Deputy Division Chief, China Citic Bank
China is the biggest consumer and producer in the gold market. It has been the biggest for the past four years. Quite a few things have been changing in China. For one is, they are a new generation that has grown up with electronic products instead of jewellery and more fancy stuff. I would say that the new generation are a lot different from the older generation. In a way, they are a bit antisocial because they get too much into computers or smartphones. So they would rather stay home and play computer games. Like jewellery industry it is sort of like a set up for the social activities, like when you wear your fancy dress and your favourite jewellery when you go out to parties. Nowadays, however, it has changed. So I will say in this way, it has changed the demand for jewellery a little, because as you know, jewellery makes up the majority of the consumer part in gold. That probably will change a little in terms of demand for gold.
However, something else has also happened in China. Online shopping has become more popular in China. And also the shipping industry seems to be spread out nationwide, so it is more convenient for like the fourth- or fifth-tier cities or even the rural countryside people can buy their favourite brand of jewellery online and have it shipped right to their door. It has become more convenient for them in terms of purchasing. This trend changes the jewellery industry a little. Seems like more consumer power coming from the countryside or from fourth- and fifth-tier cities instead of the traditional big players such as the big cities, the dominant cities. This is probably what has changed in terms of consumers in China.
Back in 2011 or 2012, people were crazy about gold. They go out and bought gold bars and gold jewellery. They buy ETFs, gold-linked products and wealth-management products. But as you know, however, after that time the price of gold came down and sort of like lost its shine, in a way in terms of investment perspective. It might not get high returns as some alternatives in China. So as of right now, it is stable. In terms of the local currency, the gold price is very stable. So people tend to trade gold within the range. When the price comes down a little, they will buy; when it goes up a little, they will sell right away. It is not a long-term play but more of a short-term play. This is more from the investment perspective.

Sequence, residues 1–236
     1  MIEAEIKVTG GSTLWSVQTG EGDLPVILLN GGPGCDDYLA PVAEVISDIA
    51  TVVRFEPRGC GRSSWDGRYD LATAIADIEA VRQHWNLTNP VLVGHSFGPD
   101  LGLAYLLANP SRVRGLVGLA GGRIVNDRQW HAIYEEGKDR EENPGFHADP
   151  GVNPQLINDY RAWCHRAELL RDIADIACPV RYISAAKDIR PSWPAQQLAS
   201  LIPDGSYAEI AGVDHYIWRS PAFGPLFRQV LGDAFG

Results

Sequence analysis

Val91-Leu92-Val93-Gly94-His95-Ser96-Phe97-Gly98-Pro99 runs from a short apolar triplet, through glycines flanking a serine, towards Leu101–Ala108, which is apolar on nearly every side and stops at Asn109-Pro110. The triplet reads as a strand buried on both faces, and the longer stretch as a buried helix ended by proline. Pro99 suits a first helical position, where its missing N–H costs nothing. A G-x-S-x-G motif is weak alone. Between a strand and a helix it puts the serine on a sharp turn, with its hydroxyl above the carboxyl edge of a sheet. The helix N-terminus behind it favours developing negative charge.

We do not really see a significant growth in demand in gold. It will probably be stable, with perhaps a little growth in 2018 but not much. Of course, it really depends on a lot of other stuff, like how the currency performs and what the price of gold is going to be in terms of local currency. That really depends on some uncertainties but, from what we can see from those factors right now, it looks like the currency will be fairly stable. With a strong dollar for the whole year, which was the theme for 2018, we believe next year, the dollar might get a little softer and it might not put too much pressure on gold. So it may give some support to gold too. We think it is a fairly good year for gold. Although it is not like a crazy jump in demand, but it is fairly good.
Explore more videos
Responsible Sourcing & Industrial Miners in ASM
Alan Martin (Head of Responsible Sourcing, LBMA) and Gregory Mthembu-Salter (Director, Phuzumoya Consulting) discussed how industrial miners could help responsible sourcing in the Artisanal and Small-scale Mining (ASM) sector.
The Future of Responsible Sourcing, Sustainability and ESG
The webinar features a discussion on the OECD’s three flagship initiatives to address problems in Artisanal and Small-scale Mining and the FATF report on Environmental Crime and Money Laundering – as well as many other topics relating to ESG.
LBMA/LPPM Virtual Precious Metals Conference Wrap Up
In today’s webinar, James Steel (Chief Precious Metals Analyst, HSBC Securities (USA) Inc) and Suki Cooper (Precious Metals Analyst, Standard Chartered) discussed their personal highlights of the LBMA/LPPM Virtual Precious Metals Conference 2021.